'Cold feet' can be a saving grace 0
When it comes to taking the leap into matrimony, go with your gut.
Or, better yet, go with your feet.
"Cold feet" is a term often used to describe the feelings of nervousness, restlessness or even fear that can grip a bride- or groom-to-be before the big day. And although it's fairly common, cold feet can sometimes be an indicator or warning sign of problems within the relationship.
Bess, now 39, got engaged at age 19 to the only boyfriend she had ever had.
"We both came from a very religious culture where dating wasn't encouraged except for the purpose of marriage, so there was a lot of pressure to date just the one person, only, ever," Bess says. "I began dating him when I was 17 and he was 26. It was a huge age gap that meant a lot more as our relationship progressed and we discovered we were in completely different life phases."
Bess experienced many doubts and cold feet in the weeks and months before her wedding, but went through with it all the same.
"The fact that we were not a rich family and my parents had spent a lot of money on the wedding was definitely an influence, as was the social pressures of our religious system," she says. "By the time the day itself came, I'd convinced myself I was doing the right thing and that by obeying God and my husband, it would all work out just fine."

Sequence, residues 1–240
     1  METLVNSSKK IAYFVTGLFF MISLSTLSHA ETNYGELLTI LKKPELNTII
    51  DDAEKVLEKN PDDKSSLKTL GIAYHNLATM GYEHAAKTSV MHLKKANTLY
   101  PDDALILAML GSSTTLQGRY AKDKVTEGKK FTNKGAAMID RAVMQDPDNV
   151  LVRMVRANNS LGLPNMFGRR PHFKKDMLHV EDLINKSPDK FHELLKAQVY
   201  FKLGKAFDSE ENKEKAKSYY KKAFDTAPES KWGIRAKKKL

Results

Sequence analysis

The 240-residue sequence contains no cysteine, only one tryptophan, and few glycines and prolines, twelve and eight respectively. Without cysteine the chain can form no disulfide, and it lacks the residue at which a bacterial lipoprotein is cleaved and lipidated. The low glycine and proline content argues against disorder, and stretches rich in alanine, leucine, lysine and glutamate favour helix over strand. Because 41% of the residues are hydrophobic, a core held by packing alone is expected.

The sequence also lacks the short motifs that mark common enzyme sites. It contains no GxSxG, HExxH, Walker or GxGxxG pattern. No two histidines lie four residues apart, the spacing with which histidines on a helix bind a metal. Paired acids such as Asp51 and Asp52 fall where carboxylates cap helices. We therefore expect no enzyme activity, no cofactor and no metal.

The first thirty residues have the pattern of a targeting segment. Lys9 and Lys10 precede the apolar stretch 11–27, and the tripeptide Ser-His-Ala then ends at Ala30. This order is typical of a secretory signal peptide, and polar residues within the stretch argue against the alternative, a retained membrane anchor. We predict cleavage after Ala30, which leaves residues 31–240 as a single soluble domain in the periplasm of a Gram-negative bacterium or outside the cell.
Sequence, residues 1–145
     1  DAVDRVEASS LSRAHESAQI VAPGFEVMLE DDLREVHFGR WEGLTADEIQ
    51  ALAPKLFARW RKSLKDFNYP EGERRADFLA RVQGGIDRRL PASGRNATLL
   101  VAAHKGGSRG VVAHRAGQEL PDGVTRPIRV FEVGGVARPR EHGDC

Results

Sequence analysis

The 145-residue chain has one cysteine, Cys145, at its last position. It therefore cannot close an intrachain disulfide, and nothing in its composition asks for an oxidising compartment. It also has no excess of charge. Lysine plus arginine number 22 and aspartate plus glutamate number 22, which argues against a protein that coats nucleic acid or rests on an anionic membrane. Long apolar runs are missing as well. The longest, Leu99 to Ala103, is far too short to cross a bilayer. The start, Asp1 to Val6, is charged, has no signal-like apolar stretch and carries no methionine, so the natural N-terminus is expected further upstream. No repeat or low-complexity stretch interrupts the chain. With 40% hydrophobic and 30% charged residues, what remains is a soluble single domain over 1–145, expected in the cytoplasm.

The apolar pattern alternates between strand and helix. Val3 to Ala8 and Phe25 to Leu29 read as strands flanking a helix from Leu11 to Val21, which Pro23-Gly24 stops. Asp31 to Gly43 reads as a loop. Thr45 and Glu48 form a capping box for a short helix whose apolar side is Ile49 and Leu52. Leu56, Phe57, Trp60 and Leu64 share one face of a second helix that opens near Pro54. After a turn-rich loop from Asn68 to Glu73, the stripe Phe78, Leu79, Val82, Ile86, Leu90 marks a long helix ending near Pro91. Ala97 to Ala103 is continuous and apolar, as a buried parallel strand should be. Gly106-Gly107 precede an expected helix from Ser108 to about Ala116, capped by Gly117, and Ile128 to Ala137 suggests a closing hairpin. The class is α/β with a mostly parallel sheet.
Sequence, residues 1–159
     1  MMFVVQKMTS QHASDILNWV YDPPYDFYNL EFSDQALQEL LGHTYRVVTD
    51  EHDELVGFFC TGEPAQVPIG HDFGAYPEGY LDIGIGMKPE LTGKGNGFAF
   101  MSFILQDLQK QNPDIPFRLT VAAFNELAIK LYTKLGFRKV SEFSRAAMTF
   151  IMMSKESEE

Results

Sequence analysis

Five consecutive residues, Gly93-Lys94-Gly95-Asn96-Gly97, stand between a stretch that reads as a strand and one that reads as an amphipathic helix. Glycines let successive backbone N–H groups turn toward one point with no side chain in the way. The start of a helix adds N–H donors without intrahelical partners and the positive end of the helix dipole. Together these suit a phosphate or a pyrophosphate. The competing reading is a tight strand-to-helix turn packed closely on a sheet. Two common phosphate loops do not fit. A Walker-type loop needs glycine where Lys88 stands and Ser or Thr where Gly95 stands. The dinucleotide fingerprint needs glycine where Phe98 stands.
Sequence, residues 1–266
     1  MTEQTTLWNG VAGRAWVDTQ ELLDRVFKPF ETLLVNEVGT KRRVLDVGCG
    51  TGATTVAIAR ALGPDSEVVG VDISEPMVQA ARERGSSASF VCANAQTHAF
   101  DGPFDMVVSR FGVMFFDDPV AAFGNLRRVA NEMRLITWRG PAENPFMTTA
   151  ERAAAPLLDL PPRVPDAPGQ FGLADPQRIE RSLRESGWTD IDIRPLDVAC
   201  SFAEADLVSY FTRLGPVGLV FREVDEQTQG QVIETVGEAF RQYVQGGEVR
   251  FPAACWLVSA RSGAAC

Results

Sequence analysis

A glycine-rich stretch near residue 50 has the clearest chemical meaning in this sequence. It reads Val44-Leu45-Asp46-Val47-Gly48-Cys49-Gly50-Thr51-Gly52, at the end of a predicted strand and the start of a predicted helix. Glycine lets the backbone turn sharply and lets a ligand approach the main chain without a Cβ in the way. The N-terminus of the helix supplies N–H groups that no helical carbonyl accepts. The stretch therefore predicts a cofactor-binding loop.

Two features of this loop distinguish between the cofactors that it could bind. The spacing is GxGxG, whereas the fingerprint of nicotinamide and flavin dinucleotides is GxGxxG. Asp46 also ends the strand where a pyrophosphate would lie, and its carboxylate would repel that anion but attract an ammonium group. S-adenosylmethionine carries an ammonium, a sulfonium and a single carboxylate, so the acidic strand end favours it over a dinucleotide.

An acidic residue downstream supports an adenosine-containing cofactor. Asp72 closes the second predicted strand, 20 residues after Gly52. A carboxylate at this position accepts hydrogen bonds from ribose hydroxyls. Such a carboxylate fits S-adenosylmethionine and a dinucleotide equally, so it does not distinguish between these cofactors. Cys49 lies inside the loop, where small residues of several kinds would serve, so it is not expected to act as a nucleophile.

Their marriage lasted nine years.
"In the end, the woman I became bore almost no resemblance to the teenaged girl he'd asked to marry him."
Lots of people chalk cold feet up to just pre-wedding jitters or nervousness about the day itself. But could cold feet be our subconscious brain trying to tell us that something is very wrong here?
Couples counsellor Bernie Golden says that cold feet can mean different things at different times to different people.
"If somebody says they have cold feet, they might be saying, 'I don't know if I want to marry this person,'" he says. "Somebody else might say they've got cold feet, and they're simply nervous and it's really got nothing to do with the relationship."
Golden says that individuals and couples with cold feet should take a big step back and assess the relationship.
"Ask yourself - 'Is this going to work?'"
Renee, 37, ended her engagement to her English fiancé when a bout of cold feet made her realize that marriage was not at all what she wanted.
"I do believe I made the right decision and have never regretted it," she says. "I was able to reconnect with my life and myself after having been away for so long. I was able to fully integrate all the things I learned about myself in that time without being part of a couple."
What is her advice to those suffering from pre-wedding anxiety and doubts?
"Think long and hard about why you want to be married and what exactly is giving you cold feet. Personally, I would rather be a runaway bride than divorced a few years later."